• Pork ribs are spare ribs, St. Louis style rib, and loin rib (also known as baby back ribs). Most cooks use St. Louis style ribs due to their uniform shape for a better presentation in the box. A misnomer is fall-off-the-bone tender. This actually means that the pork is overcooked, but the public loves a fall-off-the-bone rib. For KCBS, a clean bite can be taken from the rib without the rest of the meat coming off while still having a moist texture and good flavor.
  • Pork shoulder is Boston butt, Boston roast, picnic shoulder, or whole shoulder, weighing a minimum of four pounds. This is a meat that tends to get overcooked. The texture must be tender and not mushy. It can be turned in sliced, pulled, or chopped. Look for the money muscle!
  • Save the best for last! Beef brisket is the underside chest muscle of beef cattle. The whole brisket, point, and flat can be used. Corned beef is not allowed. Looking for a smoke ring is not important as it can be artificially produced.
KCBS Scoring System is based on three criteria: appearance, taste, and tenderness. Scores are 9 to 2:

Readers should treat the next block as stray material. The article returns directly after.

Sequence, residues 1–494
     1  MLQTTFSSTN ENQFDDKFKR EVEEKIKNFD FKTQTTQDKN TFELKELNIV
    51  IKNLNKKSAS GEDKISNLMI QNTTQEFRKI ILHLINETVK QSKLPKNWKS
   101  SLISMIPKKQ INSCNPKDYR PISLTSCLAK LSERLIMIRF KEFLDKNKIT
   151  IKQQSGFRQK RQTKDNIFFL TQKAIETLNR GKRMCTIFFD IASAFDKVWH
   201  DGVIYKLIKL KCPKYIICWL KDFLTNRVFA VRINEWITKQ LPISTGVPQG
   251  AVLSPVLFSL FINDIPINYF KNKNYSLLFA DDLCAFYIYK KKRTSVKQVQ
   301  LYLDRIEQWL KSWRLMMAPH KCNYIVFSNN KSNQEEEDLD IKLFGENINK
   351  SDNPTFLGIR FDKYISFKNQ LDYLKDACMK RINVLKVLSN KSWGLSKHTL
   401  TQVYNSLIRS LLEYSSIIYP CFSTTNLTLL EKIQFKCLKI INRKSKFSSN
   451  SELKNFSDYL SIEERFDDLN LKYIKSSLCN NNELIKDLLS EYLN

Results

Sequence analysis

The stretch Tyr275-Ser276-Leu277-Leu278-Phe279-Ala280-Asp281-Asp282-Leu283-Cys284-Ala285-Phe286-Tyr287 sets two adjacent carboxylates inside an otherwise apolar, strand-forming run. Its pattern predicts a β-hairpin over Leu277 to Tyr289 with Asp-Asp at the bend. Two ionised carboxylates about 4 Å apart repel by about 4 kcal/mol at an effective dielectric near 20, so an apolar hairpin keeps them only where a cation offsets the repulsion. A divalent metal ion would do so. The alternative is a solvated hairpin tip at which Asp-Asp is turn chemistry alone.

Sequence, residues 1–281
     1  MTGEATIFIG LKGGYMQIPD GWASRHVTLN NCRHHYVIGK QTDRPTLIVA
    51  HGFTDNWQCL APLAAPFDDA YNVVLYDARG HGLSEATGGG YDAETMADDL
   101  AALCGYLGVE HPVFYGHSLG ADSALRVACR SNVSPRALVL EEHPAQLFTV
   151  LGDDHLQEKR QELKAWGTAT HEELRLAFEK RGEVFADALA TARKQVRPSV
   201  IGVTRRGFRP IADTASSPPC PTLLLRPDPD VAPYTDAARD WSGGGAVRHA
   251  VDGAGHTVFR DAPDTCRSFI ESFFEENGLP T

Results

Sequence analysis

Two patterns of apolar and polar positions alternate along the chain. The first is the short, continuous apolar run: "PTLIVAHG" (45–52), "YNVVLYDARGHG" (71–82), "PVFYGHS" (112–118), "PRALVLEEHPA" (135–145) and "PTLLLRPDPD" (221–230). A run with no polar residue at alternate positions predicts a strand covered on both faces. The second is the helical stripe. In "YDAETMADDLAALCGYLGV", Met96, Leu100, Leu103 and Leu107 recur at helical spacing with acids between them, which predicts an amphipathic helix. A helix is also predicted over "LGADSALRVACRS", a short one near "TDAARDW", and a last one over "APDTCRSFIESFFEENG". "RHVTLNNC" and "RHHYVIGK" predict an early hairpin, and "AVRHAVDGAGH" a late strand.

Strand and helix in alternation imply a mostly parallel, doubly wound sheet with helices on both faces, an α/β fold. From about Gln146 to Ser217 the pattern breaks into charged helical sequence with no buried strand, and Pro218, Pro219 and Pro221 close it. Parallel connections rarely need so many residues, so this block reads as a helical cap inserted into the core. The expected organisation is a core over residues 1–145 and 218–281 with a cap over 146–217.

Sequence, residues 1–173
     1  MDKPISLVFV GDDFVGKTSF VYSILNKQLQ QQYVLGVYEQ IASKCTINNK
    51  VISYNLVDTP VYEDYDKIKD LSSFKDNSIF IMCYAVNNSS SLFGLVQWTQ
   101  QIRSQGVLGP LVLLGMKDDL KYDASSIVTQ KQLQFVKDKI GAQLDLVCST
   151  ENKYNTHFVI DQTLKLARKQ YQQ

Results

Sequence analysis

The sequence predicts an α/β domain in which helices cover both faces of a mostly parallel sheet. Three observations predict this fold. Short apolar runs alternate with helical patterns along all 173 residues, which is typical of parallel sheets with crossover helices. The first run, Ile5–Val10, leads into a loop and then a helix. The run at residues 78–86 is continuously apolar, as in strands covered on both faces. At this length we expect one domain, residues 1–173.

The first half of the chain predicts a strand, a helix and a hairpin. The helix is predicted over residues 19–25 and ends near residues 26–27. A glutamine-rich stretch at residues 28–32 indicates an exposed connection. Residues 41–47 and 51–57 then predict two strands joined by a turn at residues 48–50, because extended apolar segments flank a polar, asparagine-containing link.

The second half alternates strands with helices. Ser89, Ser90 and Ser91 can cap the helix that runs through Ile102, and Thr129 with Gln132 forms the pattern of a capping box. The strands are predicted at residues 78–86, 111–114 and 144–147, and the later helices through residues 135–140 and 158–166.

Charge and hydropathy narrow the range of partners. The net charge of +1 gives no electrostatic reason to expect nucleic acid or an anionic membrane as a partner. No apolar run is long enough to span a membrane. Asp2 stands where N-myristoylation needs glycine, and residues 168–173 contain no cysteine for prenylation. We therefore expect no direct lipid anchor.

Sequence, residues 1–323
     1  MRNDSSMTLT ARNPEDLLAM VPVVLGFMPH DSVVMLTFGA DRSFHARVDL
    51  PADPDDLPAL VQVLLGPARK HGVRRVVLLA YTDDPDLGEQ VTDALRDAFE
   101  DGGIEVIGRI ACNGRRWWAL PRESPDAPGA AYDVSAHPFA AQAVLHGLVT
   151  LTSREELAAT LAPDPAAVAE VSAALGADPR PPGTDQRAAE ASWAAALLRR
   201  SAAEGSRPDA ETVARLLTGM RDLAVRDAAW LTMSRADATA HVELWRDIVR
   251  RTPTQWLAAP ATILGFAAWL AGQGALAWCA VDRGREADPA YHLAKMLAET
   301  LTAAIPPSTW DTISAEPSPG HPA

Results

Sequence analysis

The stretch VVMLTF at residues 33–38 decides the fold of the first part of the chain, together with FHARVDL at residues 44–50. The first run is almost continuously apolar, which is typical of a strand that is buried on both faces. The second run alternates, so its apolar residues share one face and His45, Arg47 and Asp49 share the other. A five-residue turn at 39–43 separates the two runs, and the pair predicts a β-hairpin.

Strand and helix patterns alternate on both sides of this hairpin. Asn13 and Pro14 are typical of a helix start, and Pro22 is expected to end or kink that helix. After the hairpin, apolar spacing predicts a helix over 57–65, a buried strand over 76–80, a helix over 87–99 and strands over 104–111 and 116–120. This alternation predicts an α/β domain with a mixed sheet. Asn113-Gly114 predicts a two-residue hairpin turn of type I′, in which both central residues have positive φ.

• 9-Excellent
  • 8-Very Good
  • 7-Above Average
  • 6-Average
  • 5-Below Average
  • 4-Poor
  • 3-Bad
  • 2-Inedible
A score of “1” can only be issued if something is wrong, i.e., pooling of sauce, unapproved garnish, not enough samples in the box for the judges, etc. You’ll learn about these in the class.
  • Appearance is scored when the table captain presents it to the judges. The entries are scored from the visual presentation and not to be compared to other competitors’ entries. Each entry is judged on its own merit.
  • Taste is something that is hard to teach but you learn more as you judge. The sample should have a balance of flavors – sweet, sour, salty, bitter, and umami.
  • Tenderness is based on how perfectly cooked the meat is. Meat should be moist, not dry; tender, not tough or mushy.